Issue 16 \\ Open Ended

Issue 16 \\ Open Ended

In this issue, UX Developer Jason Beaird shares some of the history behind the MailChimp UI and how our pattern library has evolved over the course of 2 major redesigns. Next, Laurissa Wolfram presents the joys and challenges of working with open response survey questions and provides tips for organizing them in SurveyMonkey.
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Evolution of a Pattern Library

by Jason Beaird
Life in the web industry always seems to clip by at a pace that feels a bit like dog years. While time does fly when you're having fun, the trends, techniques, and technologies change so fast that a 2 year old site or application design really can feel like it's a decade old. When I started at MailChimp in early 2010, this is what the application dashboard looked like.
MailChimp as it looked way back in 2010. “How you livin?”
As you can see from this week's newsletter header, It's a giant leap from "MAiL CHiMP" circa 2001, but there were some things that still worked the same way. Up until that point in MailChimp history, the markup and styles for every component of the application had been — quite lovingly — coded from scratch. Sure, we used common classes for things like buttons and grids, but those auburn tones, font styles, and gradients in the design above were baked in all over the CSS. In short, it was far from what our friend Brad Frost would call Atomic Design. When we started talking about a full redesign in mid-2010, we knew things had to change.
We started toiling away months before we ever saw a single screenshot of what DesignLab was conjuring up for MailChimp's new look. Our primary focus for this "pre-design" was to reduce repitition in our CSS to make the actual redesign process easier. We did this by combining similar interface elements into reusable patterns. The metric we used to gauge our success was total CSS size. Over the six months before we released the 2011 redesign, we managed to cut about 120k from our CSS. Here's what the dashboard looked like after we launched.
The MailChimp dashboard from February 2011 until June of 2013.
As we were creating these reusable patterns, we started archiving them in an internal "cheat sheet" for a couple reasons. First, we wanted to create a style guide that anyone writing front-end code for the app could use as a shortcut. Second, we also wanted a test page to show whether or not the changes we made to our pattern CSS would break things in the app.
The first version of the pattern library which we relied on for over 2 years.

Fast-forward to November 2012

Knowing that we were going to be embarking on another big redesign, we started crafting a brand new pattern library. We already had a very modular approach to working on the app, so our focus the second time around was making things responsive, more user friendly, and even more flexible. As with the previous redesign, our team was working for several months before the actual design was settled on.
The current MailChimp dashboard at desktop, tablet, and phone widths.
By the time we launched the (new) New MailChimp, we had a much more extensive collection of common interface patterns. Unlike our old pattern library, though, we made this one public. While we haven't posted about it anywhere yet, it's been available at since the 2013 redesign launched in June.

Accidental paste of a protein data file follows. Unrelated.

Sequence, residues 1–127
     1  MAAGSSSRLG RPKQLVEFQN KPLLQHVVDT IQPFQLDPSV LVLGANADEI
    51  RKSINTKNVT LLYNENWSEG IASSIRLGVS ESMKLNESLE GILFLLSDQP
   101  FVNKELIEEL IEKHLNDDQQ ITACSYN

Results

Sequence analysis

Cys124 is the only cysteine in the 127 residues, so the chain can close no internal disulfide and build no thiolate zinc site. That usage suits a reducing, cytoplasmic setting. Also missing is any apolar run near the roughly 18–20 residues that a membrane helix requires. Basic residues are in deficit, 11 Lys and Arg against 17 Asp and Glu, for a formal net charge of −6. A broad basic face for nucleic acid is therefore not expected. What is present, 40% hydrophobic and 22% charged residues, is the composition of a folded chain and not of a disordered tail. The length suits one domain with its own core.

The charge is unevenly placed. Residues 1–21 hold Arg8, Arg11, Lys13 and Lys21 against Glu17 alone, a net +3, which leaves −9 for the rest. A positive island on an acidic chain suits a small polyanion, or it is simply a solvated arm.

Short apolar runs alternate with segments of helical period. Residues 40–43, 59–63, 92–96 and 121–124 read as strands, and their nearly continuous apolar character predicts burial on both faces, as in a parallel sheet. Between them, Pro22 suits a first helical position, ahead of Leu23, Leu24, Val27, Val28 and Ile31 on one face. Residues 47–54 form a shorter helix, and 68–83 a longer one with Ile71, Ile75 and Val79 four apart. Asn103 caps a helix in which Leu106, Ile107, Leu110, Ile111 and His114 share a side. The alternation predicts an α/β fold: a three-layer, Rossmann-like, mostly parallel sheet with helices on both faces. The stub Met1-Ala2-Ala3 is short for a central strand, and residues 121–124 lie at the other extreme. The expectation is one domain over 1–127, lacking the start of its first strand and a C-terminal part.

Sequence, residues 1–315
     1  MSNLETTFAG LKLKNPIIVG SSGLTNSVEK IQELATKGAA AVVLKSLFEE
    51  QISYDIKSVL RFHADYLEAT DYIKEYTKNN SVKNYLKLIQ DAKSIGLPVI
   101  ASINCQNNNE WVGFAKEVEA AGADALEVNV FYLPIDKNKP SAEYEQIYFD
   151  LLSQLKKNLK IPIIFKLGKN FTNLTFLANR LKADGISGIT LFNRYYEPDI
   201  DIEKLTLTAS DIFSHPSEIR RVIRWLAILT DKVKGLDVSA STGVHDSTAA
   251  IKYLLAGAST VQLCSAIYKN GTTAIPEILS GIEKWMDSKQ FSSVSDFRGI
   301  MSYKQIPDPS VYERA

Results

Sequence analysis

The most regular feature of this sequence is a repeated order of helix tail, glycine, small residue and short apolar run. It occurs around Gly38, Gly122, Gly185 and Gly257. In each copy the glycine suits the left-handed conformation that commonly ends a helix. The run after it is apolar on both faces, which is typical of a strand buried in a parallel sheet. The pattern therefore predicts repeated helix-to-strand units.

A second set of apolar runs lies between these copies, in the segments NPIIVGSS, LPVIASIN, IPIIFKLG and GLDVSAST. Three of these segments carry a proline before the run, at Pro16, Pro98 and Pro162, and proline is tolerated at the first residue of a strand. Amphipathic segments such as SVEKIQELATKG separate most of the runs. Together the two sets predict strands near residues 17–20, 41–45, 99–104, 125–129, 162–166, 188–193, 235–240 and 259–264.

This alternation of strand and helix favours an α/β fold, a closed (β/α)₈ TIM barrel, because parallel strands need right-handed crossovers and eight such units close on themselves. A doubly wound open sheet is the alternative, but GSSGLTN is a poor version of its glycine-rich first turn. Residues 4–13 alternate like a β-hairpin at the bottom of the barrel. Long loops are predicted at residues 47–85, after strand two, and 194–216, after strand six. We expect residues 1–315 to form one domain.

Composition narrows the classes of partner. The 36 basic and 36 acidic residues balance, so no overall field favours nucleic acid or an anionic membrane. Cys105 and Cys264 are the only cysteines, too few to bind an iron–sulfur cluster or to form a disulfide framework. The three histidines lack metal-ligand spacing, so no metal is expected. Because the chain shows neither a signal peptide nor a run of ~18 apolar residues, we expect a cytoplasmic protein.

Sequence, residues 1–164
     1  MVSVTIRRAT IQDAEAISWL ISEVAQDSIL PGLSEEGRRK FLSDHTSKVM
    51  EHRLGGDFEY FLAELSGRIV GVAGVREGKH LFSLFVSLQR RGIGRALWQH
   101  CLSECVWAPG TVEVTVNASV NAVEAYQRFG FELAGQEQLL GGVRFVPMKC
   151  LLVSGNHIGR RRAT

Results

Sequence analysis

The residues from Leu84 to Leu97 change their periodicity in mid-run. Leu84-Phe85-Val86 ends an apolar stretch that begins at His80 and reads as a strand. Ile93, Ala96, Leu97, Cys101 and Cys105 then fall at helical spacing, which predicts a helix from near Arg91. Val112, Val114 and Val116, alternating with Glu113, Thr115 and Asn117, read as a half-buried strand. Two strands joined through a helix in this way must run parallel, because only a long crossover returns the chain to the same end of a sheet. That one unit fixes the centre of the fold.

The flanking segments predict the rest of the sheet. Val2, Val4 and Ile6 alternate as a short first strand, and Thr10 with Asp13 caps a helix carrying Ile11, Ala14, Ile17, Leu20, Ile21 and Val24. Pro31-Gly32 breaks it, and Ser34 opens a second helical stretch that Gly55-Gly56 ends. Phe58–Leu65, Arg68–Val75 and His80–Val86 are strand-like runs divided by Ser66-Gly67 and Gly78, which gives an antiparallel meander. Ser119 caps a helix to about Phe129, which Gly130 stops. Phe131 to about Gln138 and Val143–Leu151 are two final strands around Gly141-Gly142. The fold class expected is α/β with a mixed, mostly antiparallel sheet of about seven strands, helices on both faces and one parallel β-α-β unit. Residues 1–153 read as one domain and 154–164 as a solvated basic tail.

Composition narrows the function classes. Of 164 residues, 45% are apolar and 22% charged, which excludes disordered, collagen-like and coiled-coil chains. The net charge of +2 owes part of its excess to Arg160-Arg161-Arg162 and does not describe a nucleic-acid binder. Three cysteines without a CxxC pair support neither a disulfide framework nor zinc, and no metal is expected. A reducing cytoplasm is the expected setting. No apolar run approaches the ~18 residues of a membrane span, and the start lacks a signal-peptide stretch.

Now, you may be asking: why would we publish something like this when it probably won't benefit anyone outside of MailChimp? Well, it's for the same reason that we keep posting to this newsletter. We want to be transparent, share our challenges, and show our work. As with just about everything on the web, our pattern library was inspired by the work of many brilliant people and we hope it'll inspire others as well. It's not perfect and you might even find it broken at times, but it's served us well for the last 6 months—which is really like 3½ years in web industry and dog years.
Visit the MailChimp Pattern Library
By the way, we're looking for a talented UI designer to join the MailChimp UX team.
Is this you?

Prepping Open Response Survey Data for Analysis

by Laurissa Wolfram
In Issue 4, fellow MailChimp researcher Fernando talked about the importance of identifying patterns by looking at open survey responses holistically. Tagging and categorizing responses helps us see trends much more clearly than if we try to identify them by reading responses in isolation.
But, as Fernando mentioned, this can be challenging when you have thousands of responses to filter. How do we dig through all of that data and find meaning in it?
While there are many different approaches to analyzing open ended survey responses, I’m going to share a few tips for how I move this process along in SurveyMonkey.

Figure out what you really want to learn

Before you even read the very first response, remind yourself why you conducted this survey. You’ll look at your responses very differently if your goal is understanding how many of your customers express frustration about a particular feature, versus identifying commonly used workflows or features. Regularly refreshing yourself on what you’re trying to learn will help you stay focused and move through data more quickly.

Filter and categorize

Open-response questions are a great way to gather in-depth answers… but when you have several hundred of them, they can be a little tricky to dig through.